The announcement of the A6100 and A6600 completes the new trio of Sony APS-C E-mount cameras, replacing the A6000, A6300 and A6500 triplets.
Now “replace” might not be the exact term we’re looking for. Knowing Sony, they will likely keep the older models on the market so as to capture some extra sales by knocking the prices down.
This means that there are currently six Sony APS-C cameras on the market to choose between, and they all greatly resemble one another – not to mention that the naming is quite confusing to say the least!
So, to help clear up the mess, let’s start by analysing the three most recent cameras, all announced in 2019, that feature the most recent technology on offer from the brand.
We have the A6100, which we can comfortably label the entry-level model. The A6400 is the mid-range model and the A6600 is the flagship/more advanced model of the three. Let’s see how they compare!
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A6100 vs A6400 vs A6600: what they have in common
I usually make a quick bullet list of the things cameras have in common, but this time, I thought I would say a bit more to help those who aren’t familiar with Sony cameras.
The first thing I want to mention is that the three models share the same hybrid autofocus system with 425 phase and 425 contrast detection points distributed across 84% of the sensor’s surface. They have a very fast focus acquisition time of 0.02s and an advanced software algorithm that includes AI and machine learning technology.
In other words, they have one of the most reliable autofocus systems of all mirrorless systems and I can attest to this since we’ve already tested the A6400. The tracking capabilities are impressive for both stills and video, and they have the most advanced eye detection technology which works with humans and animals (you can read more about this in our dedicated article).
Then we have the sensor. They all feature an Exmor CMOS chip with 24.2MP, an anti-aliasing filter and a front-end LSI component to increase the processing power. The image quality should be on par with the A6400 that we tested and found to be very good indeed.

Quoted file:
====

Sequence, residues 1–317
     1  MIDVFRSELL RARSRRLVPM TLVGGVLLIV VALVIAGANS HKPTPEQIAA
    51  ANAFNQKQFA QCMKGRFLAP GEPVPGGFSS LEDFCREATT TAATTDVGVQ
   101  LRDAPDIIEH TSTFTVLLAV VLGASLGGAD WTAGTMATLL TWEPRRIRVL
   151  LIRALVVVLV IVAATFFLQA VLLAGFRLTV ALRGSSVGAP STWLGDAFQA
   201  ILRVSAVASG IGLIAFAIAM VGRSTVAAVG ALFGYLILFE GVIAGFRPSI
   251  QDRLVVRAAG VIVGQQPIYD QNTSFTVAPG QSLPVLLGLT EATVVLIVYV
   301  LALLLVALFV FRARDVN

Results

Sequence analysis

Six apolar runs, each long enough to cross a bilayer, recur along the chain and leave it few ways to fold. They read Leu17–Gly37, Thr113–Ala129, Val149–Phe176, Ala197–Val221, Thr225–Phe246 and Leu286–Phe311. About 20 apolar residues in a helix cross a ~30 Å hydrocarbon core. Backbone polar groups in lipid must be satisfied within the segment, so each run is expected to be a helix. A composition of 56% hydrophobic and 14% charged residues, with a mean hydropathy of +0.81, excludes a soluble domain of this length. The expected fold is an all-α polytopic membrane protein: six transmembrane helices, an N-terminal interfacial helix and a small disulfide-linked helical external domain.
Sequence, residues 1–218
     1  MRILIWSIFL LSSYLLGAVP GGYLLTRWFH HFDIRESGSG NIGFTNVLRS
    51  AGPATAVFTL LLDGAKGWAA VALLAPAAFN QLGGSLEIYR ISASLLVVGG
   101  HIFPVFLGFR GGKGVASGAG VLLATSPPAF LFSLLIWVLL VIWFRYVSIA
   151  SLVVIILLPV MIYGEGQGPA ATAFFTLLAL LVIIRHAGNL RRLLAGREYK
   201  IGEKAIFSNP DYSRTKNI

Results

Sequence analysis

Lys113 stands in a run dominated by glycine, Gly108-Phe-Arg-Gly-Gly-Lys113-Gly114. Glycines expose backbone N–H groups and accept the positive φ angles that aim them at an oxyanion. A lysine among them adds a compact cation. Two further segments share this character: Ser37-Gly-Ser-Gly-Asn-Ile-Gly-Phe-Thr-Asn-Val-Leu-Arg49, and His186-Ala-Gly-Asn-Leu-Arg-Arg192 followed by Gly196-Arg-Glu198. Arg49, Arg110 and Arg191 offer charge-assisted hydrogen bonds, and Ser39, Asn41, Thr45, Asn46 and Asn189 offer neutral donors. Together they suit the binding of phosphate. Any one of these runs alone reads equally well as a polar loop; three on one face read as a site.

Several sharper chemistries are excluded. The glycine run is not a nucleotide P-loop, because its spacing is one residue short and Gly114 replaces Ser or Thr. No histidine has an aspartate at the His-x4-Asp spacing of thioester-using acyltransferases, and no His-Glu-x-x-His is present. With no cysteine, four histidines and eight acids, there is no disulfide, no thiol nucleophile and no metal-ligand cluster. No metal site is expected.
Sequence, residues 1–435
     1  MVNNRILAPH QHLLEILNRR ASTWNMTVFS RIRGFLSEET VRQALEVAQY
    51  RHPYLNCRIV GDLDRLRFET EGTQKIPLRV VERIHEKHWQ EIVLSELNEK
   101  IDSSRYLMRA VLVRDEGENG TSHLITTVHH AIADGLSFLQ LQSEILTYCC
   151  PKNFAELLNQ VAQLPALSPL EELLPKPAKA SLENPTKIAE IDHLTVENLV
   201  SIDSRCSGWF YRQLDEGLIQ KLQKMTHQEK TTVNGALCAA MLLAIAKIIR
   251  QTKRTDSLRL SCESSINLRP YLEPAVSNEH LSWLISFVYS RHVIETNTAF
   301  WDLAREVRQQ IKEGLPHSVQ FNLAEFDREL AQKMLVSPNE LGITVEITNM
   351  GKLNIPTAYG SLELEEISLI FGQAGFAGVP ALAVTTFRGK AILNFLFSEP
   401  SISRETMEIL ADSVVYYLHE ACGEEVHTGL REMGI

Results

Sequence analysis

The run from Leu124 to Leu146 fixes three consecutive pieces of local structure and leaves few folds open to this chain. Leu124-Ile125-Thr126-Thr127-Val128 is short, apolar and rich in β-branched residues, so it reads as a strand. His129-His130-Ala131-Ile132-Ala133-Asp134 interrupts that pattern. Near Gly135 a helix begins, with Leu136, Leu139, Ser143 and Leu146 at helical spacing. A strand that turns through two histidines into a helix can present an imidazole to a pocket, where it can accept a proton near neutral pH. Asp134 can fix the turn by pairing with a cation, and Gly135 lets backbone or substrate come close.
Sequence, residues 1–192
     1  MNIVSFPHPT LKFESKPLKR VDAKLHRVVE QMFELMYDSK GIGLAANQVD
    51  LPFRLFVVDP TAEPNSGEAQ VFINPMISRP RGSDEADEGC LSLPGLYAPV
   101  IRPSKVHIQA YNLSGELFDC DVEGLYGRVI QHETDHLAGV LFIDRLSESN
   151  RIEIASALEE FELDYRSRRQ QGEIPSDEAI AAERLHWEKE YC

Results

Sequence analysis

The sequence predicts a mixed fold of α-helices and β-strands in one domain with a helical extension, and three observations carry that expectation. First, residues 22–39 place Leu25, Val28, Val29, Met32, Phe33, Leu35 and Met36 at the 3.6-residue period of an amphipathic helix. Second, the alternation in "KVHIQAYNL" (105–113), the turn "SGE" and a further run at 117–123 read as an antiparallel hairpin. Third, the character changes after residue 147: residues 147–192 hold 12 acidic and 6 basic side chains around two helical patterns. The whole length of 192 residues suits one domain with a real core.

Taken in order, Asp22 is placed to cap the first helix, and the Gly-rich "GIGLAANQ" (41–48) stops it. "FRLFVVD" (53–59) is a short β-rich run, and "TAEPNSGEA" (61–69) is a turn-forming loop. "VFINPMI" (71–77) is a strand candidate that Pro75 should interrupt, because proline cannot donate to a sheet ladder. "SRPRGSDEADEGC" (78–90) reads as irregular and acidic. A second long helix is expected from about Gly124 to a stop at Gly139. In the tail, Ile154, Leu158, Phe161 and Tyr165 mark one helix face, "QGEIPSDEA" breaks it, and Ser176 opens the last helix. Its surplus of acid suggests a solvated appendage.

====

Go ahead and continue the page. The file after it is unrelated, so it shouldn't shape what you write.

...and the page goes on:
Another important point: they all record 4K video up to 30fps and 100Mbps. You get full pixel readout and no pixel binning, and up to 25p, the entire width of the sensor is used which means the field of view is not altered (there is a 1.2x crop at 30p). In Full HD, they go up to 120fps. There are some differences when it comes to video settings which we will discuss further down.
Here is a complete list of all the things these three cameras have in common:
- 11fps continuous shooting with AE/AF tracking (8fps with electronic shutter)
- Hybrid AF with 425 phase and 425 contrast detection points, 0.02s focus acquisition time
- Real Time Tracking AF for stills and video with AI and machine learning technology, minimum sensitivity of -2Ev at f2
- Real Time Eye AF for humans and animals
- 4K recording up to 30p and 100Mbps
- 1080p up to 120fps and 100Mbps
- Built-in Intervalometer for Time-Lapse shooting
- 180˚ tilting LCD screen with touch capabilities (including Touch Tracking)
- Wifi, NFC and Bluetooth connectivity
- Single SD card slot (UHS-I compliant)
Now, let’s get on with the differences!
1. Design: the A6100 is the lightest, the A6600 has a bigger grip
It is safe to say that Sony hasn’t changed much about the design of the two new cameras. In fact the entire a6000 series looks very similar but as always, there are a few differences worth pointing out.
The most important is the front grip, which is significantly more prominent on the A6600 (about 1cm larger). This is to improve handling and accommodate the larger battery. It has also been made more rigid.
The dimensions are more or less the same between the A6100 and A6400. As for the weight, the A6100 is the lightest by a small margin.
- A6100: 120.0mm x 66.9mm x 59.4mm, 396g
- A6400: 120.0mm x 66.9mm x 59.7mm, 403g
- A6600: 120.0mm x 66.9mm x 69.3mm, 503g
The other big difference is that only the A6100 lacks a magnesium alloy body and weather sealing, whereas the other two are protected against dust and moisture.
Concerning the button layout, the A6600 has two custom buttons on top, whereas the other two models have one which is located closer to the shutter release button.
The flagship has 11 custom buttons whereas the other two models have 8 function buttons.
The three cameras share the latest version of Sony’s menu system which includes the My Menu page where up to 30 items can be saved.
The A6100 and A6400 have a built-in flash (GN6, ISO 100) unlike the A6600.
Finally, the A6400 and A6600 have a highly durable shutter that has been designed to withstand approximately 200,000 shutter cycles.
2. Viewfinder: less resolution on the a6100
The three cameras feature a built-in viewfinder with a 0.39-inch OLED panel, an optical design with 0.70x magnification and a 23mm eye-point.
The A6100’s EVF has less resolution: 1,440,000 vs 2,359,296 dots on the other two models.
The A6400 and A6600 can work at a higher frame rate of 100fps or 120fps whereas the other two work at 50 or 60fps (PAL or NTSC mode).